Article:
Remember the HBO classic, Oz? It was one of the network’s first weekly dramas and focused on the raucous ins-and-outs of the fictional Oswald Correctional Facility. One of the most fascinating storylines was Ryan O’Reilly’s. He was a violent and manipulative inmate who pitted his enemies against each other and sent his brother to the electric chair.
But what separated him from his fellow inmates weren’t his controversial antics; it was the lump he discovered in his breast in the second season. O’Reilly was diagnosed with breast cancer and underwent aggressive treatment. “Oz” was the first television program that taught me that breast cancer was gender indiscriminate.
Men have a 1 in 1,000 chance of developing breast cancer in their lifetimes according to the BreastCancer.gov. The American Cancer Society reported that this year, there will 2,190 new cases of invasive breast cancer among men and about 410 men will die from it.
Actor Richard Roundtree, who is revered for his turn as John Shaft in 70s Blaxploitation flicks, is one of the fortunate survivors. He stumbled on a cancerous lump in his right breast in the 1970s. To combat the illness, he received a mastectomy before undergoing chemotherapy and radiation treatments.
Most African American men, however, aren’t as fortunate. Researchers from Columbia University found that black men are:
- More likely to have later-stage disease and larger tumors than white men.
- 48 percent less likely to be referred to a medical oncologist.
- 56 percent less likely to receive chemotherapy.
- Less likely to survive five years. Among black men, survival is 66 percent compared to 90 percent of white male patients.
Despite Columbia’s disturbing findings, breast cancer isn’t a death sentence for all black men. Women are encouraged to perform monthly self-exams to ensure earliest detection. Men should perform this ritual as well according to the African American Breast Cancer Alliance. When conducting the exam, be sure to check for:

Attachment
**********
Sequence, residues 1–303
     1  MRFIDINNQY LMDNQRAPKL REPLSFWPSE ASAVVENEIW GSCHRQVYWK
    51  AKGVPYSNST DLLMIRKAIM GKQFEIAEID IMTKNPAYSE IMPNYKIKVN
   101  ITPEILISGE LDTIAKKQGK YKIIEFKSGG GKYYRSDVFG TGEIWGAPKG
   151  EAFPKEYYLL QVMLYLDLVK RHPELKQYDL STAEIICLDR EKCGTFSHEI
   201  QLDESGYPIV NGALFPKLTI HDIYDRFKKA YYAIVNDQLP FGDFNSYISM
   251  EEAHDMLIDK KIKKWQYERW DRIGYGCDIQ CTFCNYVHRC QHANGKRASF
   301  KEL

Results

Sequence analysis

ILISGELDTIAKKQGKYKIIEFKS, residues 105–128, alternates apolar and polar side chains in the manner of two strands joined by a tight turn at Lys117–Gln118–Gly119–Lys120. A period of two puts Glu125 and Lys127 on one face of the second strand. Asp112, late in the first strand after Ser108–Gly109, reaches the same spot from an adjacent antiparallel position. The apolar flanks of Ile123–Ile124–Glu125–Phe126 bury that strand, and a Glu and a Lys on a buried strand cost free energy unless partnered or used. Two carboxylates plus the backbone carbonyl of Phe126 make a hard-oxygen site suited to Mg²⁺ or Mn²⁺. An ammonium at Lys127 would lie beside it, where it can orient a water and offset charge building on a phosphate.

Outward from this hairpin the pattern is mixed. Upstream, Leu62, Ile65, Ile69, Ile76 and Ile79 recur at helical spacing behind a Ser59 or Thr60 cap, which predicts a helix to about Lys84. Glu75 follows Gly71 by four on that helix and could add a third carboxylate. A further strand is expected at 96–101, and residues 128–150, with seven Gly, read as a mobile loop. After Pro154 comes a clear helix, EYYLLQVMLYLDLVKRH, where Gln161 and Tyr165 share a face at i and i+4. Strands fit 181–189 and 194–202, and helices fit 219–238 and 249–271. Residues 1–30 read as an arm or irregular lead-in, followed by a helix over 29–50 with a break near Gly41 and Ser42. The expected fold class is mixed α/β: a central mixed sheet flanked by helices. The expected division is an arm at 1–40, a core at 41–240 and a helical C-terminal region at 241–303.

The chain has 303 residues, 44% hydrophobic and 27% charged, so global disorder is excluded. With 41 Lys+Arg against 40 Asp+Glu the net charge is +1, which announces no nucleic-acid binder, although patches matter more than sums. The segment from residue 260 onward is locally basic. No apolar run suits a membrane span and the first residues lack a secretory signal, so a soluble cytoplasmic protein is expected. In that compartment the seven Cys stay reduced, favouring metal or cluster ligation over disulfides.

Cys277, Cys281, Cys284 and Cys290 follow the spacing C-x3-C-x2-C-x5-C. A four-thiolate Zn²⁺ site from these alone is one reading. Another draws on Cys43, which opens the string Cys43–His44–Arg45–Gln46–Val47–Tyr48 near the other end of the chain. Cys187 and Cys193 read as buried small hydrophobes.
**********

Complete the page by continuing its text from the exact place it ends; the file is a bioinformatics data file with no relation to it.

- Lumps in the chest, collarbone, nipples and underarms. This is often the first common symptom of breast cancer in men. The Columbia University study found that lumps usually appear right beneath the breast, so check that area regularly.
- Nipple discharge that has a foul odor or is filled with blood or pus.
- Unexpected skin changes, including painful rashes or tender spots near the breasts.
If any of these symptoms are present, seek assistance immediately to increase chances of developing a valiant strategy to combat the illness.
Breast cancer may or may not be preventable. The Early Show’s health correspondent, Emily Senay, Ph.D., told CBS that “Preventing [breast cancer] really would require a much better understanding of what causes it. And we really don’t know yet what causes breast cancer.” Several studies, however, have discovered that a healthier lifestyle can stave off breast cancer. The African American Breast Cancer Alliance encourages black men to:
Learn about their family’s cancer history.
- Reduce their alcohol and fat intake.
- Maintain a healthy body weight by following a nutritional diet and exercising regularly.
Above all else, fight the stigma that breast cancer is a woman’s disease. That is the first step in increasing awareness of the illness among black men.